From today all applicants will be charged fees at previous levels and we will reimburse, in all cases where the new fees have been paid, the difference between that fee and the previous fee.

Immigration Status while Appeal Pending

In terms of Section 3C of the Immigration Act 1971, leave is statutorily extended where a person had leave when they made an application or claim and that leave expired prior to the Secretary of State making a decision on the claim or application. Accordingly, leave to remain in the United Kingdom is extended until an appeal against refusal is finally determined.

No Removal While Appeal Pending

Section 3D of the 1971 Act provides for the extension of leave to remain in the UK until any appeal is determined where a person’s leave is varied so that no leave remains. Where the right of appeal is exercised from within the UK, Section 78 of the 2002 Act provides that the appellant will not be removed while the appeal is pending.

Lodging an Immigration Appeal Online May Mitigate Delays

In order to avoid delays in the processing of appeal one can lodge an immigration appeal online and can pay an appeal fee by using a credit or debit card.

In-country appeals can be filed online by using either IAFT-1 or IAFT-5 appeal form.

Appeals against appealable Entry Clearance Officer refusal decision can be filed online by using either IAFT-2 or IAFT-6 application form.

Appeals against non-ECO decision from outside the UK can be filed online by using either IAFT-3 or IAFT-7 immigration appeal form and an application to the first tier tribunal for permission to appeal to the upper tribunal immigration (on IAFT-4) can also be filed online.

All submitted appeal forms are required to:

  • be signed, dated & include the name and address of the appellant:
    • the form may be signed by either the appellant or their representative but, if the latter, the representative must confirm the form has been completed in line with the appellant’s instructions;
  • state whether there is an authorised representative and give their name and address;
  • state the appellant’s grounds of appeal and the reasons given in support of those grounds;
  • when possible, list any documents on which the appellant relies in support of their appeal.

For online filing of appeal go to Immigration & Asylum Tribunal. Alternatively, discuss how the best immigration appeal solicitors London can facilitate to file immigration appeal online successfully.

Oral and Paper Hearing

If an appellant and/or his/her representative plan to attend the hearing then can opt for an Oral Hearing; however, if no one intends to attend the appeal then can opt for Paper Hearing, which is determined on the papers provided with the respective appeal form. Oral Hearings provides a better opportunity to win an appeal successfully.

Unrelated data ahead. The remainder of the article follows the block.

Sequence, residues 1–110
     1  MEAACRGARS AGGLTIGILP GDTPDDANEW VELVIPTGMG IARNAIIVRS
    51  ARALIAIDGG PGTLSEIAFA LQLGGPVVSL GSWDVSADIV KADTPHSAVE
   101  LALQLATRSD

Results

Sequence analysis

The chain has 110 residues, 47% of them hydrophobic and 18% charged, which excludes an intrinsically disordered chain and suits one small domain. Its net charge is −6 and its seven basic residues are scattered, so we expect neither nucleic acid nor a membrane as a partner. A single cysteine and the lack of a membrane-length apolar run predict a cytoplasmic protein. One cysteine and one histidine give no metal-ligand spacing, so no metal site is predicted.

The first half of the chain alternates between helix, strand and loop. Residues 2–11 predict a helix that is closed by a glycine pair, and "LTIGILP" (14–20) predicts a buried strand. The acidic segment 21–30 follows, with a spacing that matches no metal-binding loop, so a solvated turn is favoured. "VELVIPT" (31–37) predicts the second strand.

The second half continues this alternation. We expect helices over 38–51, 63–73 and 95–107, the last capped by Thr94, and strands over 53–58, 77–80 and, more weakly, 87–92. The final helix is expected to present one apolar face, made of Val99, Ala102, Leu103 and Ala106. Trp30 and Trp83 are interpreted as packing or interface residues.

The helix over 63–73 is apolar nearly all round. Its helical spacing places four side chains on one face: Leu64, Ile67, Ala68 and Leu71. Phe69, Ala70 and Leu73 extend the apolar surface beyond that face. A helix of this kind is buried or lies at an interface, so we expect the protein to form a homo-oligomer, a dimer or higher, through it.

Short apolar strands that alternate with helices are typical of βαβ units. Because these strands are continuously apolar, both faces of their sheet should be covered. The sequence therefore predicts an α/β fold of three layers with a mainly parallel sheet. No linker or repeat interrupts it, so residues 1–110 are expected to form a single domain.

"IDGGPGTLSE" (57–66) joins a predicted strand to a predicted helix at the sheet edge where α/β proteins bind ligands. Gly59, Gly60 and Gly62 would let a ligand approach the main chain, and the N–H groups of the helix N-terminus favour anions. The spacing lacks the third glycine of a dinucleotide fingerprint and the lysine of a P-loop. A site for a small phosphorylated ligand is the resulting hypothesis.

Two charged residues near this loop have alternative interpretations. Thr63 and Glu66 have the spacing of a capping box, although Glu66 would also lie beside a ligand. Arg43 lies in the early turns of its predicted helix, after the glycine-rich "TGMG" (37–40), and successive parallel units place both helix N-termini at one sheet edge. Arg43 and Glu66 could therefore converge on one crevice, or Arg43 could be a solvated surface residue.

Immigration Appeal Fees

Immigration Appeal Fees for a paper appeal is £80 and that for oral hearings £140, which are required to be paid before lodging an appeal in the First-tier Tribunal (Immigration and Appeals Chamber). An appellant may not require to pay the fee if he/she is getting legal aid,  asylum support, services from the local council or is under 18 years of age. For details please read the tribunal fees guidance.

It is important to note that if an appeal is submitted without payment details, the Tribunal will write to the appellant with further instructions about how an appellant can pay immigration appeal fee, which will cause a delay in processing of the appeal.

First Tier Tribunal Immigration Appeal Time Limits

A notice of appeal is required to be lodged with the tribunal within the stipulated period from the date of service of an appealable decision.

Time Limit for Immigration Appeals within the UK

Where the appeal is brought in the UK then the stipulated period is fourteen (14) days to lodge an appeal after the appellant is sent the notice against which the appeal is brought. Moreover, in terms of Section 7(1)(a) of The Asylum and Immigration Tribunal (Procedure) Rules 2005 the time limits for Detention Appeals is 5 days.

Time Limit for Immigration Appeal Outside the UK

The time limits to lodge an appeal from outside the UK against an in-country decision when appealed from outside the UK is twenty-eight (28) days after the departure of the appellant from the UK (Form IAFT-7). For details refer to Section 7 The Asylum and Immigration Tribunal (Procedure) Rules 2005

The time limits for any other type of appeals such as asylum claim, spouse refusal etc. from outside the UK is also twenty-eight (28) days from the date of service of the decision. For details refer to Section 83 Nationality, Immigration and Asylum Act 2002

Late Immigration Appeals

Rule 10 of the Asylum & Immigration Tribunal (Procedure) Rules 2005 requires appellants who submit their notice of appeal late to request an extension of the time in which to lodge their appeal. The request for an extension of the time is required to give reasons for lodging a late or out of time appeal, along with any written evidence relied upon in support of those reasons.

Tribunal is Empowered to Extend Appeal Time Limit